Take photos of the shadow created by the ball of seeds and draw what you see.

Click here for the Safeshare link.

Click here to listen to the story.

Dandelions: Stars in the Grass - Lerner Publishing Group

Dandelion is a classic children’s book. Click here for the Safeshare link.

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April 18

Inchworms – Math and Science

I discovered this inchworm climbing up my window frame. An inchworm isn’t a worm at all, but the larval stage or caterpillar of a geometer moth. All moths go through metamorphosis-egg, caterpillar (larva), pupa (cocoon), adult (moth). Inchworms are about an inch long and are commonly brown or green.

Do you see the six legs near its head? All insects have six legs. The inchworm’s name is derived from the way it arches to propel itself forward. Ask your children to move like an inchworm. Start in a plank, walk your feet toward your hands, and then walk your hands forward. Repeat.


Inch by Inch is an excellent book to teach beginning measurement skills. Cut green paper into inch strips (inchworms) and use them to measure items at home or in your classroom. Click here to watch the story.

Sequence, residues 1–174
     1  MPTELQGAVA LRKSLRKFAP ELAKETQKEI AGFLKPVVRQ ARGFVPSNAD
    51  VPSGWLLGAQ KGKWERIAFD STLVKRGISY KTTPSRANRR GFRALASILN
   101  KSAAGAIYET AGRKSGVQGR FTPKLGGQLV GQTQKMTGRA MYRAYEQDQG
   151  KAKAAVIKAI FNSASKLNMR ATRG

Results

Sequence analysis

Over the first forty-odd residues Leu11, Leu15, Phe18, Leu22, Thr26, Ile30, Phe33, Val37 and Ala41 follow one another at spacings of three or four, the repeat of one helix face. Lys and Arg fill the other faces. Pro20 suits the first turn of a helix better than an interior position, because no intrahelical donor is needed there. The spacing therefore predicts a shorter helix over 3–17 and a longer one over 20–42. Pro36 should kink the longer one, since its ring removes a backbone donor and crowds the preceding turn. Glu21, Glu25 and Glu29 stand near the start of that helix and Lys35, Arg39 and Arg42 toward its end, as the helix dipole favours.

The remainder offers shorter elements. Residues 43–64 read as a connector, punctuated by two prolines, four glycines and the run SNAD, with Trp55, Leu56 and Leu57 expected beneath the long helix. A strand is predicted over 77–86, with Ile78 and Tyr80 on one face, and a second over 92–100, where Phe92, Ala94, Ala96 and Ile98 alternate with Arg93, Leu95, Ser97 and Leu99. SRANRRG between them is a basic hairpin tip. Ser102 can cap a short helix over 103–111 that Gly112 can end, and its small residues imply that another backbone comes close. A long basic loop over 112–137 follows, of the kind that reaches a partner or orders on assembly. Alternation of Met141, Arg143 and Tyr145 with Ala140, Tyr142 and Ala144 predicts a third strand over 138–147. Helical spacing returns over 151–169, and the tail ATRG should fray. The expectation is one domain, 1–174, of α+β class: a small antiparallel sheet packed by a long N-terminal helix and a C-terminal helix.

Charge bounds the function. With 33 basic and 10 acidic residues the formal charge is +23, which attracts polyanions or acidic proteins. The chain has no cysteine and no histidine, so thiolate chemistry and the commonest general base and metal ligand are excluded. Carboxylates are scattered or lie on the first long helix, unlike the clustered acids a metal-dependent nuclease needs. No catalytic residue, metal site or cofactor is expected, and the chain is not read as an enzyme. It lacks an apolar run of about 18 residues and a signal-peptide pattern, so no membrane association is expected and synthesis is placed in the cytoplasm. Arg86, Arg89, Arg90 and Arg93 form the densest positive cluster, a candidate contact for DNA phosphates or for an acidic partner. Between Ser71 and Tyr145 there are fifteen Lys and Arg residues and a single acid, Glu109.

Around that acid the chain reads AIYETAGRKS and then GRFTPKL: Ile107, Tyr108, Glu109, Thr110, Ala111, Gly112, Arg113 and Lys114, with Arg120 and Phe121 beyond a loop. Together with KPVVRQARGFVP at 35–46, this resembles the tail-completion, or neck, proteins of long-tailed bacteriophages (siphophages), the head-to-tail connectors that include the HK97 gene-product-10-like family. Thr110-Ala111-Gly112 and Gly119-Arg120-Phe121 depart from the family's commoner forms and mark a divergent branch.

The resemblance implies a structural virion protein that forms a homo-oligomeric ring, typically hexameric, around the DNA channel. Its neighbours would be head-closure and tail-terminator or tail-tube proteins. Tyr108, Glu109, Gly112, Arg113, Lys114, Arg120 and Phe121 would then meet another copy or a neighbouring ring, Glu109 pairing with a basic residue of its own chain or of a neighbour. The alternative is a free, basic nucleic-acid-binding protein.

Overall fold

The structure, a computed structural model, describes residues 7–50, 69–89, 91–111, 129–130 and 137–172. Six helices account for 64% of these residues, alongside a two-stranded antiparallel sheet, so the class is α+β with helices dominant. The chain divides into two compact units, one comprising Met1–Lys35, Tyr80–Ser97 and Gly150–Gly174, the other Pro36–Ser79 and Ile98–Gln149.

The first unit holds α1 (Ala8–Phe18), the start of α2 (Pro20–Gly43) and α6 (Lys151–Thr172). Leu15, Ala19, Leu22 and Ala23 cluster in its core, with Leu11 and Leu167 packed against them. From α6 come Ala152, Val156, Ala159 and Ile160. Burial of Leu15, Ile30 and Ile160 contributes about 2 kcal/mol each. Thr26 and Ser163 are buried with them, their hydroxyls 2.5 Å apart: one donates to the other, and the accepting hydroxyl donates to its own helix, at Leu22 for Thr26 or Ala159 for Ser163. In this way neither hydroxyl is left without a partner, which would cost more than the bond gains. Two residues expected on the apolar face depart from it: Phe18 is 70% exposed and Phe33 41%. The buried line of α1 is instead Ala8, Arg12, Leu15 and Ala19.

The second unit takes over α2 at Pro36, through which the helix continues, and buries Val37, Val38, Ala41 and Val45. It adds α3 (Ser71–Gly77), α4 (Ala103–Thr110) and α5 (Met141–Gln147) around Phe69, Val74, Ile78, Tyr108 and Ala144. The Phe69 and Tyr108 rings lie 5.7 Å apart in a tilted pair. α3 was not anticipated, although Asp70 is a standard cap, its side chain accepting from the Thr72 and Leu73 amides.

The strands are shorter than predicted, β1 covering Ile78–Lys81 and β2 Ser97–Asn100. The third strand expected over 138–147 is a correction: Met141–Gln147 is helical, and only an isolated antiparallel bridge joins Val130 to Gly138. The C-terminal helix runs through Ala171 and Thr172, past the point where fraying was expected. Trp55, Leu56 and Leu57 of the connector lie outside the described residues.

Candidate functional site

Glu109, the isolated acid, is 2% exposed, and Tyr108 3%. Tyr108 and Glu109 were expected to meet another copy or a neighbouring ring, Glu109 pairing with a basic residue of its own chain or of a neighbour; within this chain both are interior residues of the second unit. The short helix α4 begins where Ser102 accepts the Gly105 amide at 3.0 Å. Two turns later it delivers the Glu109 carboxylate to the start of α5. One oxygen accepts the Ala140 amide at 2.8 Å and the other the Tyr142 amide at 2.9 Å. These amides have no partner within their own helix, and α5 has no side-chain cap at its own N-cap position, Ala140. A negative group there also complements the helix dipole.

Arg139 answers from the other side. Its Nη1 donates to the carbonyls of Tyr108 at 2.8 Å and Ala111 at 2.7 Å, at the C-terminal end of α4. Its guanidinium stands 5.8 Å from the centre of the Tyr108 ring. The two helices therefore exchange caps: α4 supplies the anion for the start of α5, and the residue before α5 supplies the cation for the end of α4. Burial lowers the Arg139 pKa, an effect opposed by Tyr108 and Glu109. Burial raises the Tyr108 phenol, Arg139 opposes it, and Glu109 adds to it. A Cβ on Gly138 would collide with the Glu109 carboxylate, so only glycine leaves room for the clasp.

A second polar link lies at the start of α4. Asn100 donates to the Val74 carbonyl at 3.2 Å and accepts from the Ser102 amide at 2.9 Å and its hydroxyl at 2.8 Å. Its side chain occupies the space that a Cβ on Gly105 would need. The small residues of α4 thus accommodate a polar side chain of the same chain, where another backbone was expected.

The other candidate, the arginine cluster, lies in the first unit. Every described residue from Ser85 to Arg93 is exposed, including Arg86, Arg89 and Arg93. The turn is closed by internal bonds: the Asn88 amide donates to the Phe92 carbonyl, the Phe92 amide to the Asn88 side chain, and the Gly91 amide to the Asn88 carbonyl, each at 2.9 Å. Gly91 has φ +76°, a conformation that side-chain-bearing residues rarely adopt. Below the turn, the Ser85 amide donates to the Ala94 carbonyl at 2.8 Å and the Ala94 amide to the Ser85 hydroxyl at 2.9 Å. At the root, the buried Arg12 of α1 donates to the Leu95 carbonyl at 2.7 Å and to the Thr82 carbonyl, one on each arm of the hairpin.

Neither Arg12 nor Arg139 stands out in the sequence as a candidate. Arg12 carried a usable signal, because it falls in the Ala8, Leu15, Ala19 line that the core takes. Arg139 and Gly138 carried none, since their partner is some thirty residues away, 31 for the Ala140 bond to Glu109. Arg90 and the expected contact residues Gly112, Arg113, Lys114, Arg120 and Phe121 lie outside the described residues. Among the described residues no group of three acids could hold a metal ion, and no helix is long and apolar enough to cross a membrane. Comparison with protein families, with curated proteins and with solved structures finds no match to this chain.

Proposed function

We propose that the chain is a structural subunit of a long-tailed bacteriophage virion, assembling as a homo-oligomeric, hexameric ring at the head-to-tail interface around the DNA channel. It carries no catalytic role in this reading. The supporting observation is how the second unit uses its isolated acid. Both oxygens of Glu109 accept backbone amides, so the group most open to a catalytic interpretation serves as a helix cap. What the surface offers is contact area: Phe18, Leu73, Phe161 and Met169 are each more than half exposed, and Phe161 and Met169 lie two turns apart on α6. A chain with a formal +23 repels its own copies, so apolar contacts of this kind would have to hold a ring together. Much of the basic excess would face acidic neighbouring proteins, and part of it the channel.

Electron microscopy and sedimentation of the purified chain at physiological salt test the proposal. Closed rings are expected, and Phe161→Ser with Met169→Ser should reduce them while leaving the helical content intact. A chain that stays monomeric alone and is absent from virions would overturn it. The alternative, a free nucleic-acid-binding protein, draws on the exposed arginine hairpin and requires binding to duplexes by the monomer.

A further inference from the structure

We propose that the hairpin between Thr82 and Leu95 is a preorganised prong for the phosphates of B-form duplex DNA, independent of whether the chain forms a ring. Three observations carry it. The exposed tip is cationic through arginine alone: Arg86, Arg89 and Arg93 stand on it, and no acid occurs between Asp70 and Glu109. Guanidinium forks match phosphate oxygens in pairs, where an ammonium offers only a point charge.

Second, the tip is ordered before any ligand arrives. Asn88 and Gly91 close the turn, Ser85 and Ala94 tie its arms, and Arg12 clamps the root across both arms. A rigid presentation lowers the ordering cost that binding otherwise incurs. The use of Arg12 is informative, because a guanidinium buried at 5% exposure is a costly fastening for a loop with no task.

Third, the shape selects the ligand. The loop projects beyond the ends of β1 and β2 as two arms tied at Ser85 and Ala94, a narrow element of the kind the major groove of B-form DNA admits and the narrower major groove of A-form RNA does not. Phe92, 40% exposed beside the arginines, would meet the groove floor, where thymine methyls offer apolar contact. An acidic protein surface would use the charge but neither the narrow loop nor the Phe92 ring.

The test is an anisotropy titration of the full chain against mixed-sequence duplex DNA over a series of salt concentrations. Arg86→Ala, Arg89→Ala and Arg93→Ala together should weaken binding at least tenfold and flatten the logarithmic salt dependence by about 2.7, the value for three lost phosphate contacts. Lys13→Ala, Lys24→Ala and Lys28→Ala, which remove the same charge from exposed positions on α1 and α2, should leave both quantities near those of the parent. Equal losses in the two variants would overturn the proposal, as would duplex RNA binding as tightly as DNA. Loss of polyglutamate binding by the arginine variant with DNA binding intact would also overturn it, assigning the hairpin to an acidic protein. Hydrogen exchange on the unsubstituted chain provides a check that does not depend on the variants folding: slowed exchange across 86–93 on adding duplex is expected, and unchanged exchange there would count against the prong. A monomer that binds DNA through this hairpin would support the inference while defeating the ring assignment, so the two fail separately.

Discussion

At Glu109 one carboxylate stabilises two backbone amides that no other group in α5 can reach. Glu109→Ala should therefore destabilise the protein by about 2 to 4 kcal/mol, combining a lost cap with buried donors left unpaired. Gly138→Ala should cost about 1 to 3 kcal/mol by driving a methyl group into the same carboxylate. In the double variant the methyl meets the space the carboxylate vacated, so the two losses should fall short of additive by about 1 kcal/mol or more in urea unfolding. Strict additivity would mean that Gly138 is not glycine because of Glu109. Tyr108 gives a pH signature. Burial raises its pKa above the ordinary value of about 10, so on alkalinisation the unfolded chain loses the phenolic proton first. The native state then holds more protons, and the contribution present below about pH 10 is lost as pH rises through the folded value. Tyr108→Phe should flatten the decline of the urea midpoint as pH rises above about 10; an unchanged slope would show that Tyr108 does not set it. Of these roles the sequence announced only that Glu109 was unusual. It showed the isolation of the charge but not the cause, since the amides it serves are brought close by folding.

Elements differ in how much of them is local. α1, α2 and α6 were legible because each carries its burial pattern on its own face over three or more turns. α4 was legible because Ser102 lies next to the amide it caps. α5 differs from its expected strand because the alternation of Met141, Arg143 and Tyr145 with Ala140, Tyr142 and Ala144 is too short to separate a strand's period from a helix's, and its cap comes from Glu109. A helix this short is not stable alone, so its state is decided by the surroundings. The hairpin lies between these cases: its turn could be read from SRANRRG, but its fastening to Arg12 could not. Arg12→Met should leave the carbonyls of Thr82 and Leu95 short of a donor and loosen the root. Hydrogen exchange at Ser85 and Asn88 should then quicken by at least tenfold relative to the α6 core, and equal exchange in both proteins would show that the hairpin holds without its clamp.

Amazon.com: Inch by Inch: 9780375857645: Lionni, Leo: Books

Inchworm, performed by Danny Kaye in the movie Hans Christian Anderson, is a classic children’s song. Click here to watch him sing the song with the Muppets.

April 14

Egg Experiments for Easter

This photo was taken by Tasha Dickson, parent of one of my favorite young scientists. These eggs came from her chickens. What a beautiful natural Easter basket!

May be an image of indoor

I am reposting some of my favorite egg experiments. These are fun to do in a classroom or with your family at home.

Click here for an investigation with eggs and vinegar.

Click here to use eggs for an investigation about brushing your teeth.

Click here for a collection of egg experiments.